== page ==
With a career spanning six decades, a rare feat in the entertainment world, Sedaka never ceases to amaze. He shows no signs of slowing down. Neil has appeared on FOX’s hit Television show American Idol, as a guest judge – in which Clay Aiken would perform Neil’s “Solitaire,” which saw an inevitable release, reaching #4 on the Hot 100 Singles chart, and was one of the Top Selling Singles of 2004.
On June 10, 2004, he received the Sammy Cahn Lifetime Achievement Award from the National Academy of Popular Music/Songwriters Hall of Fame at the organization’s 35th annual induction and awards ceremony in New York. Named for the former president of the Songwriters Hall of Fame, this award is given to individuals in recognition of their outstanding achievements in furthering the successes of songwriters.
In 2006, Sedaka concluded a 10-city tour of the United Kingdom, where he filmed a Live Concert at London’s Royal Albert Hall for PBS (which was released as Neil Sedaka: The Show Goes On – Live at the Royal Albert Hall). During this historical evening, Sedaka was presented with The Guinness Award for his song “(Is This the Way to) Amarillo,” as the best-selling single of the 21st century in the UK, a song that was originally performed by Tony Christie more than 35 years ago.
On April 24, 2007, Sedaka released The Definitive Collection, a career-spanning retrospective released in honor of his 50th anniversary in show business. The Definitive Collection debuted at #22 on the Billboard Chart.
On October 26, 2007, Sedaka was honored with a tribute at Avery Fisher Hall at New York’s Lincoln Center. Neil Sedaka: 50 Years of Hits, a benefit for The Elton John AIDS Foundation, showcased Sedaka’s songs, with performances by Connie Francis, Dion, Paul Shaffer, Natalie Cole, Clay Aiken, Renee Olstead, and Captain and Tennille. The evening was hosted by Cousin Brucie Morrow and David Foster. Sir Elton John and Barry Manilow sent video tributes in their absence.
Sedaka has been married for 54 years to his wife, Leba, and they have two children: daughter Dara is a recording artist and vocalist for television and radio commercials, and son Marc is a successful screenwriter in Los Angeles. Sedaka has three grandchildren, twin granddaughters Amanda and Charlotte, and a grandson, Michael.
Inspired by his grandchildren, Sedaka released Waking Up is Hard to Do, a collection of Neil Sedaka hits that have been reinvented as children’s songs. Waking Up is Hard to Do was a family collaboration, in which Sedaka’s son Marc adapted four of his father’s classic songs, and Sedaka’s five-year-old granddaughters made their recording debut as his backup vocalists. Since the release of the CD, Imagine Publishing has begun releasing a series of books based on these songs. September 2010 saw the release of Waking Up Is Hard to Do. Its follow up, Dinosaur Pet, featuring Marc’s new lyric to “Calendar Girl,” was released in May 2012 and peaked at #3 on The New York Times Bestseller List.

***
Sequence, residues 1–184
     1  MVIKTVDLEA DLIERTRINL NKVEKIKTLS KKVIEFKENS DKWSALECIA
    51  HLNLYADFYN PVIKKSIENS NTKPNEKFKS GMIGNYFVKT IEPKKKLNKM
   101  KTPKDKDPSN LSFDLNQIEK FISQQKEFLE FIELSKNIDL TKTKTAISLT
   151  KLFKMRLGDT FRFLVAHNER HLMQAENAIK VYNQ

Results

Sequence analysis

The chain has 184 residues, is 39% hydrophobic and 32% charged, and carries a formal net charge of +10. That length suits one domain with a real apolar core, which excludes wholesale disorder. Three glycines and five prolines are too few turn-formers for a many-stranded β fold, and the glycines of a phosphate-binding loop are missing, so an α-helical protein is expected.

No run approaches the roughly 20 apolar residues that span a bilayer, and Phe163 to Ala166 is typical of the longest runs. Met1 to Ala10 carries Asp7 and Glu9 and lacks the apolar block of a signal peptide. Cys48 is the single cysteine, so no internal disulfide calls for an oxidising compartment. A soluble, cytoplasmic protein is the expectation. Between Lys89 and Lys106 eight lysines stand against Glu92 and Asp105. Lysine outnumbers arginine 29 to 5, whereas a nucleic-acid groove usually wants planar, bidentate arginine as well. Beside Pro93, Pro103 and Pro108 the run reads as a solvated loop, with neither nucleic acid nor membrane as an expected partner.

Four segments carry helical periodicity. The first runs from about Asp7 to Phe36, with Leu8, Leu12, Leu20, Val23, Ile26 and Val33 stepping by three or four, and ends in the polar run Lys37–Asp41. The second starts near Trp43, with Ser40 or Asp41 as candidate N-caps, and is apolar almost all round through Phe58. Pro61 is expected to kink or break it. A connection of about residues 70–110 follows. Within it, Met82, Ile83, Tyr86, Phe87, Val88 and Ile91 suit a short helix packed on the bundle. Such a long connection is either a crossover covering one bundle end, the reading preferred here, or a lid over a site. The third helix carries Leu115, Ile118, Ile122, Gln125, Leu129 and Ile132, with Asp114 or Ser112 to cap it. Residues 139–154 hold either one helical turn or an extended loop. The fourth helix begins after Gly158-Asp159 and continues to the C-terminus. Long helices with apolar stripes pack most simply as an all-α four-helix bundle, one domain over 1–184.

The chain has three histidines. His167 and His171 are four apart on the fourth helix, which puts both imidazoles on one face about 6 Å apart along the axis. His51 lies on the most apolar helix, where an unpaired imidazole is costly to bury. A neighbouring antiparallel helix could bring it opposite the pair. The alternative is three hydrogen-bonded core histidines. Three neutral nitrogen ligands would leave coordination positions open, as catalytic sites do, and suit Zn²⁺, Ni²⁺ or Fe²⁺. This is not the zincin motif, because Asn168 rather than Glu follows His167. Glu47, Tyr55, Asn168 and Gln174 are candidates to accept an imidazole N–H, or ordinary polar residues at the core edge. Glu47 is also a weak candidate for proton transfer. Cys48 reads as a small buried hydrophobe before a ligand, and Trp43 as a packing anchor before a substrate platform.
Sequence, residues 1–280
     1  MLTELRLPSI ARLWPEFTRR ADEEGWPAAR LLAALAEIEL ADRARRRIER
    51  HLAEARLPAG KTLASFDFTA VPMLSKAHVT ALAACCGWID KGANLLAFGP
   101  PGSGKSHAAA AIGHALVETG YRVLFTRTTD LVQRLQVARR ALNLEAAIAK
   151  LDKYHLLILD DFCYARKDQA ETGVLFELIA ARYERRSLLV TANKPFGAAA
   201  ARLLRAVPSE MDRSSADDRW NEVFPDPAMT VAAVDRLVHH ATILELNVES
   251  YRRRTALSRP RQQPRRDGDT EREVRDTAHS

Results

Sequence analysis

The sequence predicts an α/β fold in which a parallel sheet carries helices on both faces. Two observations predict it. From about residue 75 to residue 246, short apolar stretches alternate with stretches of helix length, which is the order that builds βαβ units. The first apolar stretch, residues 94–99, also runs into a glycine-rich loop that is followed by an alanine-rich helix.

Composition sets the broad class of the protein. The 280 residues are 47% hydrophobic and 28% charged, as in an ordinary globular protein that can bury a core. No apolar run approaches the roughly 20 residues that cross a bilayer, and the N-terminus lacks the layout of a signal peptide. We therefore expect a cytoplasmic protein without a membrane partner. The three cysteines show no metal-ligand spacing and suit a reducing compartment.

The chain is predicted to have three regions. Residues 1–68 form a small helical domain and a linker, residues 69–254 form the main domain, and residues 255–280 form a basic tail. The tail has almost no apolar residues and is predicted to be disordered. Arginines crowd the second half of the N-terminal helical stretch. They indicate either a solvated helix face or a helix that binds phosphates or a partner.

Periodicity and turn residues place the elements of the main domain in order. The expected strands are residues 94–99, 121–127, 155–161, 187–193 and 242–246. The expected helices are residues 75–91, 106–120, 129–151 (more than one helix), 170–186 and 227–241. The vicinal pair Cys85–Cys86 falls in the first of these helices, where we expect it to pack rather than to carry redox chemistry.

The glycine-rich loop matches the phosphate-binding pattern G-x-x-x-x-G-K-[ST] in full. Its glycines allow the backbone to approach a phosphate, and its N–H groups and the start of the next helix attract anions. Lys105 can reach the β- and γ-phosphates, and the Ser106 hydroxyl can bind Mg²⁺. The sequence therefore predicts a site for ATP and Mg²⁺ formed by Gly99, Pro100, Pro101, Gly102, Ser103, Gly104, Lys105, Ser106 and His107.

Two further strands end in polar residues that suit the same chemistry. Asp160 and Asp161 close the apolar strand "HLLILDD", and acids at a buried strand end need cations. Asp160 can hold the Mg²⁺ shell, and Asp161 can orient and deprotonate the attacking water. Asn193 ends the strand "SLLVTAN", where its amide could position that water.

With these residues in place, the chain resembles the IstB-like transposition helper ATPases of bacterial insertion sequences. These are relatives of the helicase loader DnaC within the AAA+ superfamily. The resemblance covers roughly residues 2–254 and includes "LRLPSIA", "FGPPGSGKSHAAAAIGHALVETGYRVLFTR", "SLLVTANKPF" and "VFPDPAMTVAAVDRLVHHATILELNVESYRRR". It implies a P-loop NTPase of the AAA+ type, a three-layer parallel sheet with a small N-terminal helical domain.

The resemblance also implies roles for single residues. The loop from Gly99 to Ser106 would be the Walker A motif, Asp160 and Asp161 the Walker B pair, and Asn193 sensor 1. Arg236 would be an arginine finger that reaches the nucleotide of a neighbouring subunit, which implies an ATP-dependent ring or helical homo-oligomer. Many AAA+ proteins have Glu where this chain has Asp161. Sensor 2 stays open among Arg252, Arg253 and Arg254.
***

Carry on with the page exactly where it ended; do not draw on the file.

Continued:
In May 2010, Sedaka was awarded The Special International Award from The Ivors, honoring excellence in songwriting. On October 8, Sedaka was the Variety Club’s recipient of The Silver Heart Award, for his outstanding service to the music industry and his charitable work.
Sedaka has returned to his classical roots, composing his first symphonic piece, “Joie De Vivre,” and his first piano concerto, “Manhattan Intermezzo.” In October 2010, Sedaka recorded these two pieces with the Philharmonia Orchestra of London at the famed Air Studios in London. “Manhattan Intermezzo” was released on 2013’s The Real Neil.
In addition to his extensive worldwide tour schedule, Sedaka has just released I Do It for Applause, a CD of 12 new Sedaka songs and the official release of “Joie De Vivre.”
“The album is the culmination of 64 years of writing,” says Sedaka. “This is a gift I was born with. My main objective is to always top the last collection, raise the bar and reinvent Neil Sedaka.”
Having completed highly successful first seasons as music director of Tulsa’s Signature Symphony at TCC, as well as assistant conductor of the Pittsburgh Symphony Orchestra, ANDRÉS FRANCO has established himself as a conductor to watch.
While maintaining his roles as principal conductor of the multimedia project Caminos del Inka, and artistic director of the Fort Worth Symphony Orchestra’s summer festival “Concerts in the Garden,” he continues to delight audiences with his imaginative programming and energetic style.
During the 2016-2017 season, Franco will make debuts with the Boise Philharmonic, Oklahoma City Philharmonic and Texas Music Festival, and will return to conduct the Fort Worth Symphony Orchestra.
A frequent guest conductor in the United States, Europe and South America, Franco has appeared with the Columbus, Elgin, El Paso, Eugene, Fort Worth, Houston, Lake Forest, Mississippi, Saginaw Bay, Springfield, St. Louis and Stockton symphony orchestras; the Chicago Sinfonietta; Orquesta Sinfónica de Castilla y León/Spain; the National Symphony Orchestra of Peru, as well as with the National Symphony, Bogota Philharmonic, Medellin Philharmonic and EAFIT Symphony Orchestra in Colombia. Festival appearances include the Cabrillo, Grant Park, OK Mozart and Oregon Bach Festivals.
Franco formerly served as music director of the Philharmonia of Kansas City, as associate and resident conductor of the Fort Worth Symphony, and as Leonard Slatkin’s assistant conductor during the 14th Van Cliburn International Piano Competition.
A native of Colombia, Franco is dedicated to preserving and performing the music of the Americas. As principal conductor of Caminos del Inka, he has led many performances of works by Latin American composers, such as Jimmy López, Diego Luzuriaga and the famous Argentine composer Ástor Piazzolla.